SpaceX launched 60 small Starlink satellites from Cape Canaveral Air Force Station in Florida Thursday night, May 23, the first of thousands that founder Elon Musk plans to put in orbit to allow for global internet coverage.
The reusable first-stage booster called the Falcon rocket, landed successfully on an ocean platform following liftoff as the tightly packed cluster of satellites continued upward.
SpaceX’s Starlink is a next generation satellite network that is capable of connecting the entire planet to the internet including reaching those who are not yet connected, providing them with reliable and affordable broadband internet services.
Each satellite weighs 500 pounds and is equipped with a single solar panel and a krypton-powered thruster for raising and maintaining altitude.
The satellites have the capability to automatically dodge sizable pieces of space junk.
Twenty-four launches will serve most of the populated world and 30 launches the entire world. That will be 1,800 satellites in total, with more planned after that.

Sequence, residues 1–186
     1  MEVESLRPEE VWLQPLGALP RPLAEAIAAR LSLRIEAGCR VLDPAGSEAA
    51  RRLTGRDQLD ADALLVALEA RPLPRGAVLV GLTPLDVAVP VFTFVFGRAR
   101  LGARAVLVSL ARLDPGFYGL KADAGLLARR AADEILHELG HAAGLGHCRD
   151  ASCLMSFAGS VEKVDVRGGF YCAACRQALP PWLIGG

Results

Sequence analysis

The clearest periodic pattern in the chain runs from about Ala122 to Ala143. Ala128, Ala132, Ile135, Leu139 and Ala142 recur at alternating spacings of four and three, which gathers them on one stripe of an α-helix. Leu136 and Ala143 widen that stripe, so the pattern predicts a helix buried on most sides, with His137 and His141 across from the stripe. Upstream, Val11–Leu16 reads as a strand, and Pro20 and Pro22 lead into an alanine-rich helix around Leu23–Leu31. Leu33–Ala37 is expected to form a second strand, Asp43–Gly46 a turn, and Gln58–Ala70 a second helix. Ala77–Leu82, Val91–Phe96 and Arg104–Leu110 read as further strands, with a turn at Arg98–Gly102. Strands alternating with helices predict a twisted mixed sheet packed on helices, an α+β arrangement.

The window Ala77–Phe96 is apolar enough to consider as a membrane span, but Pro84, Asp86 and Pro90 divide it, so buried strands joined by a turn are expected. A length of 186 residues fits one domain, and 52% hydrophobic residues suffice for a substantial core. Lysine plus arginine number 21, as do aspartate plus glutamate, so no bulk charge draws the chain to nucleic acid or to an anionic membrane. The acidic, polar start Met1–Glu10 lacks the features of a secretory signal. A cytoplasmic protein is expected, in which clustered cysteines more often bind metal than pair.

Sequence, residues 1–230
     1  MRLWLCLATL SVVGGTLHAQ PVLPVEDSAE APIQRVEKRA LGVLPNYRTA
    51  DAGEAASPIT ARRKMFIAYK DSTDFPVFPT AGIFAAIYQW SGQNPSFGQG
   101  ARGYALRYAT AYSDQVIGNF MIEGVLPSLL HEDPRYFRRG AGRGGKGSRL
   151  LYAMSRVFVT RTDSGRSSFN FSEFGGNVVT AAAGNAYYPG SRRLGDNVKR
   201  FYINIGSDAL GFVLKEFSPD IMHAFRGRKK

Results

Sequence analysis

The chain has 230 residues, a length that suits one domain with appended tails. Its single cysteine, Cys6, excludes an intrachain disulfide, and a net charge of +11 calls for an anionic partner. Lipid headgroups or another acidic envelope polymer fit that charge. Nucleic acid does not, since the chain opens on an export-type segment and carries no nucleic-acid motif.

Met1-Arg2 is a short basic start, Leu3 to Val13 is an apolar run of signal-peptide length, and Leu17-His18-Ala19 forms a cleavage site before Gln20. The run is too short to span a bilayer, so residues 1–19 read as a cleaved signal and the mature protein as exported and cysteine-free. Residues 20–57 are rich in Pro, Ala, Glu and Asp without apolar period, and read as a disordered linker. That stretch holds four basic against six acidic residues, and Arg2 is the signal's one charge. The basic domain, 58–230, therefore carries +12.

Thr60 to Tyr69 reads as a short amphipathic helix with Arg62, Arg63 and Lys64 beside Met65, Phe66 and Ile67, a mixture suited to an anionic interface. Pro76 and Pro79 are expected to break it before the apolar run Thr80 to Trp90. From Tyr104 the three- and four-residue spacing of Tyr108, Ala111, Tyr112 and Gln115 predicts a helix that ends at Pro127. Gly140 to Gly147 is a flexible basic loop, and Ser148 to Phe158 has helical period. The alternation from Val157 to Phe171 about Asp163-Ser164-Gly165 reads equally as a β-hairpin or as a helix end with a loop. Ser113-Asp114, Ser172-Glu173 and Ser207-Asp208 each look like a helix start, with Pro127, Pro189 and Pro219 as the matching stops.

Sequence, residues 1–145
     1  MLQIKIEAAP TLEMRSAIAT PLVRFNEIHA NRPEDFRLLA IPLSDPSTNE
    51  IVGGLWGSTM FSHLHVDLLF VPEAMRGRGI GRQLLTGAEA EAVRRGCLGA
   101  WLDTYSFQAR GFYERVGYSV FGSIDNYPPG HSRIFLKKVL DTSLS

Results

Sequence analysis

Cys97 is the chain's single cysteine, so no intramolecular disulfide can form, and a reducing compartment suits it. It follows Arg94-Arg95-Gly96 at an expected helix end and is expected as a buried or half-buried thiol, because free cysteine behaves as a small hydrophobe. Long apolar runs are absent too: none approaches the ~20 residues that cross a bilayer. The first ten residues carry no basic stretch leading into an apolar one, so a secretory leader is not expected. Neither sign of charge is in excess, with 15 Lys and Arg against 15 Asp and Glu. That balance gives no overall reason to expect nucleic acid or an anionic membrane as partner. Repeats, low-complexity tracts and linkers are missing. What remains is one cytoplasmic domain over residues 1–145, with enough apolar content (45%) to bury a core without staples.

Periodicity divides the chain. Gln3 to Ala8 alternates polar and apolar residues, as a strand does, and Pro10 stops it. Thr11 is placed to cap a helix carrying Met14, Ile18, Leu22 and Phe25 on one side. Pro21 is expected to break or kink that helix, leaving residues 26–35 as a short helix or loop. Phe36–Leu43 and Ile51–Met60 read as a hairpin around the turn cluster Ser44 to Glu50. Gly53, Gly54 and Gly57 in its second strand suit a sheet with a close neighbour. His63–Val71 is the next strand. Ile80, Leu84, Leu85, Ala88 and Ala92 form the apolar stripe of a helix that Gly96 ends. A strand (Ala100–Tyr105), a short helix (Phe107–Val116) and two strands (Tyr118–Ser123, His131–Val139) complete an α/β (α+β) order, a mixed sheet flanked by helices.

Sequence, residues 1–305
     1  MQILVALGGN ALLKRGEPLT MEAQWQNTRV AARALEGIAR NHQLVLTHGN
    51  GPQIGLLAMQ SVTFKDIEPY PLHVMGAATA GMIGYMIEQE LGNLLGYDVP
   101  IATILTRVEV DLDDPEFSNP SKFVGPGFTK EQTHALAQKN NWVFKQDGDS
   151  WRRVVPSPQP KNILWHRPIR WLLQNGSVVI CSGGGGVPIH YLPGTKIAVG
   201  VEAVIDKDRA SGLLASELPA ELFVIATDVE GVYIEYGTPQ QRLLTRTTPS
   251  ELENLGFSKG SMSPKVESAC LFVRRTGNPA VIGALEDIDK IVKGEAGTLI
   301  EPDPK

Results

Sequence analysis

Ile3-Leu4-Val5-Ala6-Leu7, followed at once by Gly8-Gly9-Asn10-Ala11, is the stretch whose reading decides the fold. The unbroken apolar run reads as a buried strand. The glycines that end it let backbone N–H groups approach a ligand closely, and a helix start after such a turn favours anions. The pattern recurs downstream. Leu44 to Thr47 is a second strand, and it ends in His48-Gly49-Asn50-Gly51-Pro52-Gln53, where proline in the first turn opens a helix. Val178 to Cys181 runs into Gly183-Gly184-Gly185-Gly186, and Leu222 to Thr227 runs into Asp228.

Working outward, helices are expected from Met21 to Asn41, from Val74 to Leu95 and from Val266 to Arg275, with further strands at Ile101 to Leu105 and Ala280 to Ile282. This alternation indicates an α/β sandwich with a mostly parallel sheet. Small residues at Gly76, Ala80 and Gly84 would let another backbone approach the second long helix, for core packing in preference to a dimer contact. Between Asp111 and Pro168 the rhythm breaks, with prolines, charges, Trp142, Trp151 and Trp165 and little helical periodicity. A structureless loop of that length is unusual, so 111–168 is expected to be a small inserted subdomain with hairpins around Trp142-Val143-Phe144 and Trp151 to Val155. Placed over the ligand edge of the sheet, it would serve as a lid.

Other companies have similar plans, including Project Kuiper from Jeff Bezos’s Amazon and OneWeb.
The launch was delayed twice last week, first by high winds and then for software updates. It was the third flight for this booster.
It remains to be seen how repressive international regimes such as the Iranian Islamic theocracy and the Chinese communist regime will respond to the potential for their citizens to surf the web freely.
Iranians are blocked from being able to visit many Internet sites around the world under the repressive Iranian regime and the Internet blockage in China under the communist regime is even more severe.
The presence of the satellites from multiple companies that can potentially provide unrestricted access to the global Internet will allow people living under these repressive regimes to access information that they have been prohibited from seeing due to political and ideological restrictions by their respective regimes. Free access to information will certainly be seen as a threat by these authoritarian rulers.